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Push Hands: Handbook for Non-competitive Tai Chi Practice with a Partner Paperback – International Edition, April 1, 2001
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This book amounts to a detailed private lesson in Tai Chi (with a non-competitive partner) by one of the most well-known experts on Tai Chi, Herman Kauz, author of "Tai Chi Handbook." Practicing Tai Chi with a partner amounts to a physical manifestation of a cooperative approach to living, a tangible way of experiencing balance and cooperative interaction. Unlike some of the more competitive martial arts like karate and judo, which can be actually stressful to some, Tai Chi with a partner, "push hands," is almost meditative and requires careful attention to one's own and to a partner's strength, weakness, position, balance--and even to a certain extent, state of mind--to help rather than overcome or beat one another. --This text refers to the Hardcover edition.
Kauz is a real teacher, open, generous and undogmatic. -- Robert W. Smith, co-author of Asia Fighting News
Kauz is an established authority. -- Journal of Asian Martial Arts
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To those unfamiliar with Push Hands it is a non-competitive Tai Chi practice with a partner. Both meditative and athletic, it is a method of expressing oneself with a partner in a non-judgmental yet effective manner. It teaches one to be in accord with the stresses of everyday life and the Taoist philosophy of "letting go" which encourages the release of the blockages that prevent us from gaining a keen understanding of our true nature and how we respond to other people.
During Push Hands practice the designated attacker tries to push his or her partner off balance using a minimum of force and without moving their feet. The defender tries to avoid the push by redirecting the opponent's force, also without moving his or her feet. If done correctly neither side will be able to take advantage of the other and a true partnership is realized.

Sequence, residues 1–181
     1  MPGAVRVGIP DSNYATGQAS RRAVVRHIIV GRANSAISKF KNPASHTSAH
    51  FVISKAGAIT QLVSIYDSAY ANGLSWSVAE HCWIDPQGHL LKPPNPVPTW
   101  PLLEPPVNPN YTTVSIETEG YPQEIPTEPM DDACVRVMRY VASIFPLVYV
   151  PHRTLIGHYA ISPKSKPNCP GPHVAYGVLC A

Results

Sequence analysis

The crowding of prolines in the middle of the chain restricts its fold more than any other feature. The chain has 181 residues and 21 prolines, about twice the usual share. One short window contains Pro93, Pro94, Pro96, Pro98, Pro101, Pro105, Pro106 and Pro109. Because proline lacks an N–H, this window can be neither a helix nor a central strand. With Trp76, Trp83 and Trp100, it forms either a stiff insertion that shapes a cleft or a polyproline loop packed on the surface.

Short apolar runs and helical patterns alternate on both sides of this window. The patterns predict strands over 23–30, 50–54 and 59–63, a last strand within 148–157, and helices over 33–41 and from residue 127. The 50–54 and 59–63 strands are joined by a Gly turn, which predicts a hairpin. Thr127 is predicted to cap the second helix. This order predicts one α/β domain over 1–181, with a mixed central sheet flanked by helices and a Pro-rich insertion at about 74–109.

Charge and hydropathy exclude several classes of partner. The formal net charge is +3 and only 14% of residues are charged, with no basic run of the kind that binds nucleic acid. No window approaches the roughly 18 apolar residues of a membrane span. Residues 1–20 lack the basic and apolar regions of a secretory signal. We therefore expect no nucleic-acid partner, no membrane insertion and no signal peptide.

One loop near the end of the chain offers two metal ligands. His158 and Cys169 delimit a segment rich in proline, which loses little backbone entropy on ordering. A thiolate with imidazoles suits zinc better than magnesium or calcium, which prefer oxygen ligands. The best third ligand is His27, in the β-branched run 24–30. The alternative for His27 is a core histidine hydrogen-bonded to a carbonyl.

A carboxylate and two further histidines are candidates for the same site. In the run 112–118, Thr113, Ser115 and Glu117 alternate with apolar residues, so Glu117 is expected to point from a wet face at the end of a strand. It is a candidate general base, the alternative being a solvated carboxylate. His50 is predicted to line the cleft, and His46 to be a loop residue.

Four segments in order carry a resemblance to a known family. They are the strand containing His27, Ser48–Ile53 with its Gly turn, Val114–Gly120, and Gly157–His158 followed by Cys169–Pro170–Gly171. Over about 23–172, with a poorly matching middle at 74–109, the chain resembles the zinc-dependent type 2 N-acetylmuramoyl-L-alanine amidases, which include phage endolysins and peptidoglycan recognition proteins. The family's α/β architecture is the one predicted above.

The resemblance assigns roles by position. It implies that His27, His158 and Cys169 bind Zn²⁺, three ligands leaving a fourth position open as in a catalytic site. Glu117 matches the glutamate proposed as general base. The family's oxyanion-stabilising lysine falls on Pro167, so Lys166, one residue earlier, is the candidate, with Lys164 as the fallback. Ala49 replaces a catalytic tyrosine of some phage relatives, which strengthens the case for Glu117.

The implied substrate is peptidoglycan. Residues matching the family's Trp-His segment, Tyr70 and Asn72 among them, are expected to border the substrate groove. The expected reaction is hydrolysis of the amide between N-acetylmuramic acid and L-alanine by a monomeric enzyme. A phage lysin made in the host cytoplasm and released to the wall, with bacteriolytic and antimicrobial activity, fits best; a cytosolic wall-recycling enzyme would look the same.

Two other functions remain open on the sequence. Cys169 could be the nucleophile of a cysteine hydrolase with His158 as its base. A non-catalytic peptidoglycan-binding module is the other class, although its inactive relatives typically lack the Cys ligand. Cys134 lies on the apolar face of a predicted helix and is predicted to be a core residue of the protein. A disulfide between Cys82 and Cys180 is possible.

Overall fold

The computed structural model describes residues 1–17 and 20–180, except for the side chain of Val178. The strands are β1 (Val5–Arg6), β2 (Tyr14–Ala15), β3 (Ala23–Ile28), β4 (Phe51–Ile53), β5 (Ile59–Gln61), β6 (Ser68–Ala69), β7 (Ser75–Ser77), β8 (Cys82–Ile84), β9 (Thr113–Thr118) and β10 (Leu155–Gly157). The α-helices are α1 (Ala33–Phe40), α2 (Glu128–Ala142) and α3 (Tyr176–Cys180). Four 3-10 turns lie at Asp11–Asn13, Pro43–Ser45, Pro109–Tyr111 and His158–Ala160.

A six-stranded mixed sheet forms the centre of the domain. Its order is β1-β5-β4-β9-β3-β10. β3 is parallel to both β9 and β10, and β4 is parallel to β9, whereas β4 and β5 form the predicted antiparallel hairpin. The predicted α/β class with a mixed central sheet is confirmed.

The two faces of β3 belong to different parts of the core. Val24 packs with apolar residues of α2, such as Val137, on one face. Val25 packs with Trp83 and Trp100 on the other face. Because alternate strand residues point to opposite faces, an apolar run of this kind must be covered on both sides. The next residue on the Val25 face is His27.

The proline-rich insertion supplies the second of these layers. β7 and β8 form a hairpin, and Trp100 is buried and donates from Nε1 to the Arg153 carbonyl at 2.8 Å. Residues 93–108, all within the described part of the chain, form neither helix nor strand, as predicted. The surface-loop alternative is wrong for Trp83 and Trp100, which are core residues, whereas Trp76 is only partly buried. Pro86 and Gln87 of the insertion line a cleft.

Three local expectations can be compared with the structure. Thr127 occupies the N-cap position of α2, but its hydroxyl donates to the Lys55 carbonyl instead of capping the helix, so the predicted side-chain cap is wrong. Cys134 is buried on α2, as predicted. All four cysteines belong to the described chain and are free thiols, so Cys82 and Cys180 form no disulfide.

Those of us who are involved in working with others, in a decision-making role or in everyday situations, will find Push Hands a profound way of dealing with these confrontations. After some time in practice, we will notice options and ideas that we would not have thought of or entertained before we began the exercise.
Anyone who has taken a course in the Martial Arts may find Push Hands the ideal alternative to the hard and stressful aspects of competition. To the Tai Chi practitioner, Push Hands represents the transition of the solo form into a partner exercise with profound repercussions.
Master Herman Kauz's book is an expression of this ideal to anyone who is open enough to read it thoroughly.
Unfortunately, up to now he has not been allowed to receive it. I believe the reason given is that it was offensive/defensive material.
Tai Chi exercies are beneficial for the neuorological pathways, and also beneficial for the body's internal organs. The daily practice is very good for the physical, mental and spiritual well-being of the practitioner. Push Hands is helpful with partner work-outs.
Being a student of Herman's is quite an experience. His knowledge and expertise is extensive, as is his patience. Push hands does not involve pushing, but more of an attempt to discover the balance of your partner, while at the same time hiding yours from them. In essence, it teaches you about yourself and about others. It requires you to live in the moment, and not think about attaining goals per se. It will increase your awareness, and teach you the true principals of Tai Chi.
If you are serious about learning the real Tai Chi, then push hands will help you a great deal. But be patient.